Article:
Although I was familiar with much of the Aphrodite Cluster, I had never been to Cytherea. It’s a high class tourist destination, climatically pleasant, handily placed for short trips to the Kraken and Serenity Systems (and the Klondike, if you fancy a bit of rough and ready), and with a liberally minded administration that is happy to licence most forms of pleasure and quite a few of pain. It may not have quite the flesh pot allure of the more central resorts, but it’s very popular with older holidaymakers and younger ones who aren’t quite ready for or can’t afford the centre.
The inside of the stellarport was a vision of cultivated marble, mainly mellow cream and a gentle rose, with the occasional insert of black diamond. Very classy, very different from the enthusiastically shiny interiors of most stellarports. From the look of the rest room attendant, I got the impression that they weren’t used to arrivals heading straight for the nearest sanitary ware to chuck up.
I took stock. All I had was what I stood up in and my casting equipment. (I had a moment’s pang for the bottle of Aphrodite hooch, still sitting on the occasional table.) And a very great deal of money. Hamish had left more than my ticket at the departure desk.
Shake your head at my naivety. You can’t understand. Some day – if I have another day – I’ll tell you about me and Hamish and our history, and why the old Delany oath made me trust him. Right now, you’ll just have to believe me: it made some kind of sense at the time.
I visited one of the numerous stellarport cafés and bought a coffee, paying – after a moment’s hesitation but with no alternative - with the intersystem CashTab Hamish had left for me. They’re keen on all the old Pre-Event Earth food and drink in the Aphrodite, hence the whisky. It’s one of the main draws for the tourists. I have no idea what genuine Earth coffee tasted like, but the rich, dark liquid served in the stellarport café warmed my stomach and unclogged my brain. I remember at Academy they told us that Earth coffee was often mixed with another liquid, a white excretion from some sort of animal, but even in the Aphrodite they draw the line at some things.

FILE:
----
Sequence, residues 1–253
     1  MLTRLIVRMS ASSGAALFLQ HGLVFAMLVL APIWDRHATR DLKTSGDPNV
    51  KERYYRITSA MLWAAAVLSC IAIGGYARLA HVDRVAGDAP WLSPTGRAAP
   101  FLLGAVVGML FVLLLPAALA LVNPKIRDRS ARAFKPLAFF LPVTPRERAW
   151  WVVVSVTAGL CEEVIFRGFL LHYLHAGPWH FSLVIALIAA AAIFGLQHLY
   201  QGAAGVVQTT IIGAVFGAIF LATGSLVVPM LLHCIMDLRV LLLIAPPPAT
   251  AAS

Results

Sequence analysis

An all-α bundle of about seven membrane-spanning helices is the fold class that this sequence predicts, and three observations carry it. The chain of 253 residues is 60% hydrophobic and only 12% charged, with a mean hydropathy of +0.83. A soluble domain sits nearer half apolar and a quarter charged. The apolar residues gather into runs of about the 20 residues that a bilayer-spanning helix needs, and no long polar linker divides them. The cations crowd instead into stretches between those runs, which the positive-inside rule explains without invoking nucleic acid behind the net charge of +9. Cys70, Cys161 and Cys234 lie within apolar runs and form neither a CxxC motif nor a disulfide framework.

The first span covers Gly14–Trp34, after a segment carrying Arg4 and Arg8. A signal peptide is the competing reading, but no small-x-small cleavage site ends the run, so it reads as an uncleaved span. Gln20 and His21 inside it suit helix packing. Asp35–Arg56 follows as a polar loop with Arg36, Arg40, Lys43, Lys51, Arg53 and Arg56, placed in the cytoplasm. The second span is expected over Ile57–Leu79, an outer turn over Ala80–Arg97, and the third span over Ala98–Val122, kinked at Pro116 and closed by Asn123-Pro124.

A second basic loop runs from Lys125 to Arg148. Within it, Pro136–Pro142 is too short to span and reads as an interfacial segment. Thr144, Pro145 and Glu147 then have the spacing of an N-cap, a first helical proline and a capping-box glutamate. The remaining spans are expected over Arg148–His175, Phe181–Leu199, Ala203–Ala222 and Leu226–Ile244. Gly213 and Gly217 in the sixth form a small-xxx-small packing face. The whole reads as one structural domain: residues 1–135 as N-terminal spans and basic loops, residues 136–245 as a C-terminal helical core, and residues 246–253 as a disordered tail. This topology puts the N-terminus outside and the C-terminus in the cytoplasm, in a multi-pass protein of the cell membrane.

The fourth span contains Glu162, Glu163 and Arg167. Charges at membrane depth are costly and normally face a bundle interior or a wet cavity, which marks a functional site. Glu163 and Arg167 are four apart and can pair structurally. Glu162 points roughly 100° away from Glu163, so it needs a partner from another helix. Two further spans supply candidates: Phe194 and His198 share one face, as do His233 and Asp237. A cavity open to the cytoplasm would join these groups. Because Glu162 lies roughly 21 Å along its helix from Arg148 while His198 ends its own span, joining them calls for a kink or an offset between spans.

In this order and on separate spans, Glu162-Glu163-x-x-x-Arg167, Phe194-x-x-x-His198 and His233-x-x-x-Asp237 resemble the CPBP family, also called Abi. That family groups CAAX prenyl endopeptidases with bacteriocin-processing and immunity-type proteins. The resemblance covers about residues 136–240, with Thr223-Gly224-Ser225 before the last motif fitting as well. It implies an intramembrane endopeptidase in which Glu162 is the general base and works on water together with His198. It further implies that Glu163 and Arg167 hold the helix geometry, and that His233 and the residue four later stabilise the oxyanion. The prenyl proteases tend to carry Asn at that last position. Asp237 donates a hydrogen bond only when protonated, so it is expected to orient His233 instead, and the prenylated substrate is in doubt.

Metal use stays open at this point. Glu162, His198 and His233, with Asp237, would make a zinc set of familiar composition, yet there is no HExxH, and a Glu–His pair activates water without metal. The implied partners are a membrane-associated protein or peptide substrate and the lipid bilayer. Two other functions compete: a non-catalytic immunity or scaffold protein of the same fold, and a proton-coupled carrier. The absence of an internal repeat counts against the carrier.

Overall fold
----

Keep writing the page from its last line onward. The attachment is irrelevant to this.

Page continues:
I sipped my coffee and smoked my complimentary herbal wrap. The first doubts began to prickle. I had now accepted a large sum of money from a ‘businessman’ who was also an old acquaintance, as well as travelling between systems at his expense. There was no evidence whatsoever to back up the story about some terrible danger that he was set on saving me from. More immediately, I was extremely unlikely to be able to complete my assignment for the government agency which employed me. As far as I knew, my designated target had never been anywhere near the Aphrodite. Even if I managed to complete the task, I would miss the appointed deadline, and this one was to be used in court evidence.
The prickle became a systematic stabbing in my brain. Hamish must, somehow, have known who the target was, presumably a friend or ‘business acquaintance’, and by chance I had given him the opportunity to ruin both the casting and my reputation.
I long since lost count of the times Hamish out-manoeuvred me at Academy and afterwards, charming his way past me and everyone else and managing to leave us all with a smile on our faces. But this. This…
On the soul of Delany, indeed. Blasphemy. Blasphemy.
I went into one of the Retails on the concourse and bought a basic Player and a news Square. I tucked in the earinput, latched the Square into the Player and set it to search for Klondike input while I looked around the concourse for a Retail selling clothing, preferably gowns but I would take any replacement for my now less than fragrant apparel.
‘…among the dead was Mr Hamish Mansoorian, owner of the StarMotel where the explosion occurred…’
To be continued...